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Linetec's Tammy Schroeder earns LEED Green Associate certification
 
Tammy Schroeder, Linetec's senior marketing specialist, successfully passed the U.S. Green Building Council's (USGBC's) Leadership in Energy and Environmental Design® (LEED®) Green Associate Certification.  LEED education, certification and accreditation are encouraged as part of the company's environmentally-responsible practices and support for customers' green design and building projects.
 
Schroeder adds her status as a LEED Green Associate to more than a decade of experience with Linetec (Wausau, WI), the nation's largest, independent, architectural finishing company.  She has written dozens of articles to give architects, contractors and manufacturers insight into all of the eco-friendly, architectural finishing technologies - paint, powder coat and anodize.
 
In addition to authoring articles, Schroeder develops and maintains the company's American Institute of Architects/Continuing Education System (AIA/CES) programs.  She also manages the company's award-winning website, Linetec.com, as well as its enewsletters and other educational resources.
 
Located in Wisconsin, Linetec serves customers across the country, finishing such products as aluminum windows, wall systems, doors, hardware and other architectural metal components, as well as automotive, marine and manufactured consumer goods. Part of Apogee Enterprises, Inc., Linetec provides leadership in green building through practical yet distinctive products and services to enclose green commercial buildings, delivered through sustainable business practices.  Exemplifying these practices, Linetec has been a member of the USGBC since 2005. For more information about Linetec and its green initiatives, please visit http://www.linetec.com or e-mail sales@linetec.com.
 
 
ASTM International Committee on Metallic-Coated Iron and Steel Products honors Richard L. Nester with Award of Merit
 
Richard L. Nester, general manager of quality assurance and customer service at Wheeling-Nisshin Inc. in Follansbee, WV, has received the 2010 ASTM International (W. Conashohocken, PA) Award of Merit and accompanying title of fellow from ASTM Committee A05 on Metallic-Coated Iron and Steel Products. Nester received the Award of Merit, which is ASTM’s highest organizational recognition for individual work on standards activities, for his significant contributions to Committee A05 and the development of product specifications and management of terminology for metallic-coated sheet.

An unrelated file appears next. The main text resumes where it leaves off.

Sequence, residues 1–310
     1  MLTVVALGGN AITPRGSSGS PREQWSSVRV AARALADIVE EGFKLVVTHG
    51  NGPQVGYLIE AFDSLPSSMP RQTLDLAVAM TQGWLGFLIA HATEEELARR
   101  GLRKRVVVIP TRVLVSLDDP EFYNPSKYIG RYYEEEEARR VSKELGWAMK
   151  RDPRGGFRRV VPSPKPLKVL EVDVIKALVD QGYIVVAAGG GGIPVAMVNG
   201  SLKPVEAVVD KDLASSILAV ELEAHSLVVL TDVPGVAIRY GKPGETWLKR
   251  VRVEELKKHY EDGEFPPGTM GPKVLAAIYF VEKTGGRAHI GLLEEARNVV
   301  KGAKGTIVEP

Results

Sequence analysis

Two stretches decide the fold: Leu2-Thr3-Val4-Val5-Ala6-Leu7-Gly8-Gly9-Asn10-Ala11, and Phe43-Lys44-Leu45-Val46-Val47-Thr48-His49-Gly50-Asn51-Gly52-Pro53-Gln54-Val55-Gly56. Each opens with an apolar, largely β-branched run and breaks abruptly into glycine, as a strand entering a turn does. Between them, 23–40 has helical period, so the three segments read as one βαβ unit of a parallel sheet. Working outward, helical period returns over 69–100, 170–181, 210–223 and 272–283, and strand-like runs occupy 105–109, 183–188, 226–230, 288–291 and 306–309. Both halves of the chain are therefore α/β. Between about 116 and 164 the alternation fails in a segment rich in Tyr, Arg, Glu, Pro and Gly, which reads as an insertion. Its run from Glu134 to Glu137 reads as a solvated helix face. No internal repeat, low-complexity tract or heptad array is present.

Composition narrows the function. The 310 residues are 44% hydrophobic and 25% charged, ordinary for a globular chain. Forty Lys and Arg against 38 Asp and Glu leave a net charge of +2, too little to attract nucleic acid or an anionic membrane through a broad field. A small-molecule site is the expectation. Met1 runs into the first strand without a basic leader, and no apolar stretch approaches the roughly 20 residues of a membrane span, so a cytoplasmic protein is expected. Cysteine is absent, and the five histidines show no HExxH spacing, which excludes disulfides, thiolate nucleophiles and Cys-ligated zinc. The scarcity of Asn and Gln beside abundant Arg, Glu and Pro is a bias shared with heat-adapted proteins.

A member of ASTM International since 1995, Nester is a member of the A05 executive subcommittee (A05.90) and has served as the long-time chair of Subcommittee A05.18 on Editorial and Terminology. He also works on Committees A01 on Steel, Stainless Steel and Related Alloys and B02 on Nonferrous Metals and Alloys. After earning a bachelor’s degree in metallurgy from the Pennsylvania State University, University Park, PA, in 1974, Nester spent several years as a metallurgical engineer at Weirton Steel Corp., Weirton, WV. In 1987, he became Manager of the Quality Department at Wheeling-Nisshin Inc., and was promoted to his current position in 1995. Nester specializes in hot-dip metallic-coated steel sheet products. In addition to ASTM International, Nester is a member of the Association for Iron and Steel Technology and SAE International. He also served a four-year term on the Governing Board for the Galvanizers Association, and received the association’s Chairman’s Award in 1998. He holds a master’s degree in business administration from the University of Steubenville, Steubenville, OH. 

Editor Pick

Can Electroplated Fe-C be an Environmentally Friendly Alternative to Hard Chromium and DLC Coatings?

Electroplated FeC is an efficient surface treatment based on non-aggressive chemicals with a deposition rate of ~20 μm/h at a process temperature of 50°C.  The FeC coating is carbide-free and temperature stable up to ~250°C with a hardness of 750 HV, which is comparable to frequently applied hardened steels.  The FeC coating has reasonable friction properties and have high affinity towards lubricants because of incorporated amorphous carbon.  Hence, for certain applications, the FeC coating might be an interesting wear-protective alternative to hard chromium and to PVD-deposited low-friction diamond-like carbon coatings (DLC’s), which are rather difficult and costly to deposit on larger items.